Researchers needing another room in which to use radioactive materials must notify the Radiation Safety Office BEFORE they begin to use radioactive materials in that room. We will come out and commission the room at that time.
Room commission involves primarily a check of the room's baseline survey. Sometimes chemical residues, such as cleaning solutions or manufacturing residues, can react with the scintillation fluid used in a survey and look like radioactive contamination. We also look at the labeling of work areas and the general room postings.
The Radiation Safety Office needs this data to update your information in our records so that it accurately reflects your research areas. If you have any questions or would like us to commission a room for you, please call the Radiation Safety Office (x2906).
Eye-Opening News -- Contact Lenses: Not for Labs
Contact lenses may be a convenience, but they should not be worn in the laboratory or in other areas where organic solvents or corrosive liquids are used.
Several situations can occur that makes wearing lenses dangerous: gases and vapors can be concentrated under contact lenses and cause permanent eye damage. Soft lenses will absorb solvent vapors, and other chemicals can remain in the lens for an extended period of time. Some solvents will even deteriorate the soft lens.
While hard contact lenses do not absorb organic vapors, they still pose a hazard in case of an accident. For example, a contact lens can bond to an eye following a caustic solution splash. Contacts trap solutions between the contact lens and the eye, and water properly used for washing cannot reach that area.
In the event of a chemical splash into an eye, it is nearly impossible to remove the contact lens to irrigate the eye because of involuntary spasms of the eyelid. Furthermore, anyone attempting to irrigate the eyes of an unconscious victim may not be aware of the contact lenses and hence not realize that they must be removed.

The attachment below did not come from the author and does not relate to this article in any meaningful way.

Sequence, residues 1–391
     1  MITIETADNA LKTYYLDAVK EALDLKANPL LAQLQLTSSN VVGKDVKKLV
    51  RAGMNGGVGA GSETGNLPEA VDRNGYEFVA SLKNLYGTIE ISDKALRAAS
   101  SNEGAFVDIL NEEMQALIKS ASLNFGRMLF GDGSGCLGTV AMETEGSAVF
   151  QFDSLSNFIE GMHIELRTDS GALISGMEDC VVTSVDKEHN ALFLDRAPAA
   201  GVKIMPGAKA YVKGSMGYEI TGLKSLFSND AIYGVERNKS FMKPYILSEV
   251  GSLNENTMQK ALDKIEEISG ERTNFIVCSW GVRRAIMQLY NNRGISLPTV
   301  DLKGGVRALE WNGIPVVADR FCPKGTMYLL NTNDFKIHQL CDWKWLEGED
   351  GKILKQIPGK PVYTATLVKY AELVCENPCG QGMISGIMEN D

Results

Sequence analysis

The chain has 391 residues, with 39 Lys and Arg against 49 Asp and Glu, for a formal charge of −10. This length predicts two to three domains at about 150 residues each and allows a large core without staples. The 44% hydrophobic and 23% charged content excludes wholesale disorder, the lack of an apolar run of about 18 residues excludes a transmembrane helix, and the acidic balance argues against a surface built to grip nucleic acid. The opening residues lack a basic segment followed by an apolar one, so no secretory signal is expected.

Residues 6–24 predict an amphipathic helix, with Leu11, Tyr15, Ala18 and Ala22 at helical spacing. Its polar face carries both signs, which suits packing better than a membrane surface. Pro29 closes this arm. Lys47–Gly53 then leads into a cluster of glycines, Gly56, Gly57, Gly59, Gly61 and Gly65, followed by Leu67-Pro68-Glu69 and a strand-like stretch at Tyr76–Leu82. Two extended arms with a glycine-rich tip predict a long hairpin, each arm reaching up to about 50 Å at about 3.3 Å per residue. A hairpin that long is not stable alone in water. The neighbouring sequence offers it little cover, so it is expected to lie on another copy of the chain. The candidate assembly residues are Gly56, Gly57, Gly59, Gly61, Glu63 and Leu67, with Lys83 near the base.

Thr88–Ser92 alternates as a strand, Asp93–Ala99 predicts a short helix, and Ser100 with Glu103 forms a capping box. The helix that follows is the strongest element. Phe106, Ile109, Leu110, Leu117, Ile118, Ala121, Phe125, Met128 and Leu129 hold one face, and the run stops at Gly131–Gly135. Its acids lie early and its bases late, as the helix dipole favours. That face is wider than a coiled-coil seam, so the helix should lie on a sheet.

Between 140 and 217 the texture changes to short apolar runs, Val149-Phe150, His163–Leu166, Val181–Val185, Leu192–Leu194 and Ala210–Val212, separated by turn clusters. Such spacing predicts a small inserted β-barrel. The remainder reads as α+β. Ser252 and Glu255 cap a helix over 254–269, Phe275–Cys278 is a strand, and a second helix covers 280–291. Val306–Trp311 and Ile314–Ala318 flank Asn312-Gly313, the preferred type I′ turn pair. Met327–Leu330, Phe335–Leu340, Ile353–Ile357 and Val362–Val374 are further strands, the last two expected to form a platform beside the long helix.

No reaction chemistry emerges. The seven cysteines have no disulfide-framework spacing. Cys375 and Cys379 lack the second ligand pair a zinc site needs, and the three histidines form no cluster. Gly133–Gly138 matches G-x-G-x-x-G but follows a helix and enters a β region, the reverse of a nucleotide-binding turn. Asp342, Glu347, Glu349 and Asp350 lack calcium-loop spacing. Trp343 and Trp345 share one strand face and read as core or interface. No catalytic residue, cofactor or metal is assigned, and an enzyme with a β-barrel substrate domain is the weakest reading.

Wash the Eyewash
Rust and bacteria may build up in pipes that are seldom used. This is true for safety showers and eyewashes that are piped to the building water supply.
Remember to flush the eyewash regularly and to have the safety showers inspected often (do NOT check safety showers yourself). This will ensure a clean supply of water if it is needed in an emergency.
Seeing is Believing
Did you know that on the average there are 1000 eye injuries throughout the country each day? Unfortunately, 90% of all eye injuries are preventable with just minimal precautions.
We strongly encourage all laboratory workers to wear safety glasses while in the lab, especially when working on an experiment. Even if your job isn't very hazardous, eye injuries can result from a fellow worker's operation.
Blindness can result from almost any eye injury. BE PREPARED! Stores offer OSHA-approved safety glasses-clear wrap-around goggles that protect but do not impair vision in any way.
- Do not wear soft or hard contact lenses in work areas or laboratories where there are liquids or solutions which are injurious to the eye.